God will have His work accomplished, but He wants to do it through us.

2. Trust God to meet the need. We do not measure our own resources
against the problem—we measure God’s resources against the problem.

Christ did not ask about the magnitude of the problem or the lack of resources—He asked, “What do you have to offer?” What looked vastly insufficient to human eyes became more than enough in God’s hands. Our human contribution to God’s work is marginal at best—even the contributions from the wealthiest, the most talented or even the most righteous among men. But God can take our offering—be it our time, talent or treasure—and multiply it to meet the need. It is only when we face a task impossible by human standards that we can stand aside and let God perform a miracle. So rejoice in impossible problems—you will see the hand of God!

“I am weak and can do noth- ing” is not true humility. Too often that approach is actually a convenient cop-out that serves our laziness or selfishness. We shirk our duty yet manage to pacify our conscience. “I only have five loaves and two fish— they won’t even make a dent in this overwhelming need, so I shouldn’t even bother...” Or more commonly today, howabout, “I’m only a minimally talented musician, or speaker, or dinner host, or organizer, or conversation starter, or ______, so I won’t even bother trying to serve—someone else can do it, and they’ll do it better than I could anyway.”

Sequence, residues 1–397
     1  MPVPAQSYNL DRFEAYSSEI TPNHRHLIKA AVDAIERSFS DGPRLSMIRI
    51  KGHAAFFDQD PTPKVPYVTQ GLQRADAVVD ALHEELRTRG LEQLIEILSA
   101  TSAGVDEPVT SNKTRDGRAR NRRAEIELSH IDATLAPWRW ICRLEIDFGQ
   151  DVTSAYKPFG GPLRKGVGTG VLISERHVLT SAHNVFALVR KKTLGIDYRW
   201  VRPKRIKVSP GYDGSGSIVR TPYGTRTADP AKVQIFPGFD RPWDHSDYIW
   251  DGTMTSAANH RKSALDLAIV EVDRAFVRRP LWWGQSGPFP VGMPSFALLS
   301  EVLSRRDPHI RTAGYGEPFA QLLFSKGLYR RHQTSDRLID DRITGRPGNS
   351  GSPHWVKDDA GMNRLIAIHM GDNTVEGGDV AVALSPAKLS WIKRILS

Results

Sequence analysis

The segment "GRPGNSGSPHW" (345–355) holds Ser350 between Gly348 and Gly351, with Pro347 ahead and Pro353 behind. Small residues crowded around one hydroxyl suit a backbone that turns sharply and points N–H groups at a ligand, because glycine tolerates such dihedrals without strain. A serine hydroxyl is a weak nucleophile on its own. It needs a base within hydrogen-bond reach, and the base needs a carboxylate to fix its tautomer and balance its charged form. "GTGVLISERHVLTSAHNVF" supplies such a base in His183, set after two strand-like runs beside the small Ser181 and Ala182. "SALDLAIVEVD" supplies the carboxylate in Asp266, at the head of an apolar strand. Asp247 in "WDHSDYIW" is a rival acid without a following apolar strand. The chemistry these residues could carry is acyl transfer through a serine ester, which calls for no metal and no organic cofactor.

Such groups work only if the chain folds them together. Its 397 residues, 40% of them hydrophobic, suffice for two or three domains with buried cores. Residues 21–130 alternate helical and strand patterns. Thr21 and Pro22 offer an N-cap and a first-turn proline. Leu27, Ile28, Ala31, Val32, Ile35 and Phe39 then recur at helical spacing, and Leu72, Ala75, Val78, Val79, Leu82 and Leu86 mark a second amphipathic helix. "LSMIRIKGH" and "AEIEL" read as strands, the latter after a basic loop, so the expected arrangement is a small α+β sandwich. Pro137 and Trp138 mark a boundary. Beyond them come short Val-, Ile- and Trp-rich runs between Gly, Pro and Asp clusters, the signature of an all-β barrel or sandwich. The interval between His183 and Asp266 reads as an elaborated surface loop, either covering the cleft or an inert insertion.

True humility is knowing that on our own we are weak and can do nothing, but that through God, we can do anything He desires for us to do. And we will do anything He desires for us to do because in humility we will put all of our selfish cares behind us in order to serve God and our fellow man.

3. Reap such blessings that there is not room enough to receive them. 

Not only did all the people following Jesus that day eat but there were twelve baskets of scraps taken up after the meal! What if the boy hadn’t offered up his meal? Perhaps he would have secreted away and quickly filled his belly, feeling vaguely uncomfortable and guilty. But instead of eating it all himself, he gave what he had to help oth- ers with no expectation of return. His offering, which in his hands could only have met the needs of a few, was then used by Christ to fill the needs of thousands of hungry people. Not only that, he also had the honor of being part of Jesus Christ’s miraculous care of the people.

Though others likely had food that day, they probably figured they didn’t have enough, so they didn’t give anything at all. One boy gave what little he had, and God made it more than enough. What overwhelming needs do you see around you—in your family, your community and your world? What resources do you have that you can put in God’s able hands? What miraculous impact could come about because of your small offering? Our meager resources will never yield more when we clutch them tightly to our chest—instead they will wilt, wither and even poison us with anxiety. But the same God-given resources have infinite potential to help others if handed freely back to God. If we generously sow our time, talent and treasure, we will reap a bountiful harvest of blessing for ourselves and for others.

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  • douglasyo

    Outstanding article. I have often thought along these lines if I ever had the opportunity to give a holy day offertory sermonette, but you stated it excellently!